I don’t remember much of any day. I have small pieces of time and that’s all. I remember scents and feelings and sometimes images. I know I traveled by Greyhound to visit my friend. My parents put me on a bus. I know that I went to Falkland in B.C. from Calgary and I know I was twelve or thirteen years old (he moved away after grade six). I remember awakening on the front lawn of a farm, surrounded by rabbits. It was the beginning of a summer day at five in the morning, the sun wasn’t up yet and it was cold. I was curled into a sleeping bag with my head on a crisp white pillow slip. And there were a hundred rabbits. Rabbits everywhere; a fantastic secret revealed somewhere between dew-fall, dreams, and the frantic heartbeat of a boys day.

And I remember it took that whole day to go from the farm to the store and return on horseback. I don’t remember a saddle or stirrups or even reins, but I remember 3 boys on the same horse. Mark in the middle, I was on the back and Shane in front of his big brother warning against a trot, complaining continuously about how much it would hurt his balls.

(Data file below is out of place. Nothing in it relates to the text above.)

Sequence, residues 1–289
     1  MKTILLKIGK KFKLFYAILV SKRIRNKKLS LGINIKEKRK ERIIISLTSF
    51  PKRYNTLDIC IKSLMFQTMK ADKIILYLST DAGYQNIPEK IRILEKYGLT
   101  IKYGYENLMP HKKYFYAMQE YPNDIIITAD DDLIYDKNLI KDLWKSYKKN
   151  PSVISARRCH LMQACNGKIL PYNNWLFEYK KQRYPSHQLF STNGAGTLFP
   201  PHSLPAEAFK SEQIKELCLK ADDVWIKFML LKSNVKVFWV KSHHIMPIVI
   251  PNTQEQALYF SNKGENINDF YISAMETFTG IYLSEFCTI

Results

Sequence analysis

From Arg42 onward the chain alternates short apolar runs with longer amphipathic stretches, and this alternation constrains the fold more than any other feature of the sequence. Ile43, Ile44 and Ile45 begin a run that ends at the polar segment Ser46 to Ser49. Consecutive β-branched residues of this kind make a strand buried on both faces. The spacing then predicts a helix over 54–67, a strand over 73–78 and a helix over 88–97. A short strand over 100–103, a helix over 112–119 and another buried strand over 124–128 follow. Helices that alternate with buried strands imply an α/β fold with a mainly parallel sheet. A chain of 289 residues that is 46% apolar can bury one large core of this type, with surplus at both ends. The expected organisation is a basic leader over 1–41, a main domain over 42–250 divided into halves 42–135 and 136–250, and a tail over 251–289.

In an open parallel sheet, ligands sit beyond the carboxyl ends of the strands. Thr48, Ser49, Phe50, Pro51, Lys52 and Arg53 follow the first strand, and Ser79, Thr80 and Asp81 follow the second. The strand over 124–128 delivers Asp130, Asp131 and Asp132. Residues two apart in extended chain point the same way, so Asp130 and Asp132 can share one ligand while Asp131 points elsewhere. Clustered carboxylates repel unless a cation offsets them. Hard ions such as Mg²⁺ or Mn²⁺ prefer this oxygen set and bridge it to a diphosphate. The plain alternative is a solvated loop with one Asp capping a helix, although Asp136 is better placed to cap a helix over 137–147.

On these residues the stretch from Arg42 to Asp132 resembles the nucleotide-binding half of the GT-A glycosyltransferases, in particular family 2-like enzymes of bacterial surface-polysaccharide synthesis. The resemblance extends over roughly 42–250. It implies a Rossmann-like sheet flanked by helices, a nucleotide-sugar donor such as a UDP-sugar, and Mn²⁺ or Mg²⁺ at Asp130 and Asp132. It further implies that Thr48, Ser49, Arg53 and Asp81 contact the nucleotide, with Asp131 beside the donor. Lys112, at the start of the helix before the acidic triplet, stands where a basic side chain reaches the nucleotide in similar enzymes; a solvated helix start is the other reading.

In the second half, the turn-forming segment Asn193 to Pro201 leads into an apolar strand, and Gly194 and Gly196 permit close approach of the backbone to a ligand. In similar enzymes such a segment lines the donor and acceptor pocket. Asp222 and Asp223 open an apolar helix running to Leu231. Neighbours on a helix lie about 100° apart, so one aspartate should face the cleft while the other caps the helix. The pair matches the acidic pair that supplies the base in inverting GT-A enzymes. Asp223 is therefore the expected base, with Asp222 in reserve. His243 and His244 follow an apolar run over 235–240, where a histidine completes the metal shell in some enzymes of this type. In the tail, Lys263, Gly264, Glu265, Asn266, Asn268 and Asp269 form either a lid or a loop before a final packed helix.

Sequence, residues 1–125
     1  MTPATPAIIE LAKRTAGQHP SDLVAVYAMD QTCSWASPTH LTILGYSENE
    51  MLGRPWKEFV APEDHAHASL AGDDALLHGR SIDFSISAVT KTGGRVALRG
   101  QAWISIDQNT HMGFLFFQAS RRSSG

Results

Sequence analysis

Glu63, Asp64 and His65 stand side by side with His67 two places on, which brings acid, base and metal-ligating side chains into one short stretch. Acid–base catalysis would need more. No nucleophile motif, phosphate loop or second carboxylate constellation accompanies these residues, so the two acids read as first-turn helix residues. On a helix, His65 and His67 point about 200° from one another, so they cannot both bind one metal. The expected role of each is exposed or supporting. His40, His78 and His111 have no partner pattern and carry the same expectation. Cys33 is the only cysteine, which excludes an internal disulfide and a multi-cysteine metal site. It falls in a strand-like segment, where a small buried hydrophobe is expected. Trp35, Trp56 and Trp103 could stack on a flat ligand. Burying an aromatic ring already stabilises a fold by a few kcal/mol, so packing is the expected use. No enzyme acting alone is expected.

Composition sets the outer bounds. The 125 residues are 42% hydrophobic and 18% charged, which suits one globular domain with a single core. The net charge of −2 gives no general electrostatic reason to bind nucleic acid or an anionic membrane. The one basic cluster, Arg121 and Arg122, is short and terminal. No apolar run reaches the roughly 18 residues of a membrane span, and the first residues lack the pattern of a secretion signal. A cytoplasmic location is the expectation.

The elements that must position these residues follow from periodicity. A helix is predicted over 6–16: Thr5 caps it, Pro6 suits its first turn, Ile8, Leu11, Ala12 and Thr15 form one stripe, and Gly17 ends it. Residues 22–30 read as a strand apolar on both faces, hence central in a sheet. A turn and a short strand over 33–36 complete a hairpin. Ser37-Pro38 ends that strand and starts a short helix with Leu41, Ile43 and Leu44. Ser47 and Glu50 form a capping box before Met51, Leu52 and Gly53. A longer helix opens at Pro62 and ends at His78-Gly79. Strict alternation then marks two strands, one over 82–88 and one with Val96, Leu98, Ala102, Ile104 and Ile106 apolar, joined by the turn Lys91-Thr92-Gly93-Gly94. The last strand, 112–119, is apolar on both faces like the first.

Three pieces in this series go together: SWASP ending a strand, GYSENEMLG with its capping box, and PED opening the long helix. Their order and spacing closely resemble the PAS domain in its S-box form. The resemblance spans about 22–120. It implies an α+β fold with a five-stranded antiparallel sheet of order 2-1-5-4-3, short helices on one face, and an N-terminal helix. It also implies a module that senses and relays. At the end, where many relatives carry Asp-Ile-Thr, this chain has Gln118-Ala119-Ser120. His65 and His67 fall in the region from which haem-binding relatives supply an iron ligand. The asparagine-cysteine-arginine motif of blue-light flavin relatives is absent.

We went to the store to get popsicles because it was so hot out. The trip to the store and back was the hottest day I can remember. The sun was relentless and we were speechless most of the way. Thirsty and thinking of the relief of something cold. I don’t think I’ll ever taste another plain orange popsicle like that again. There is no measure equal to it.

I don’t remember a dinner. I don’t remember a room or a wall or a door. I don’t remember leaving, getting on the bus to go home. I don’t remember a single moment from the rest of that whole summer. I couldn’t put two other days of that year together if you asked me to. But I know that no plain thing made of orange and sugar and water could taste that fine ever again.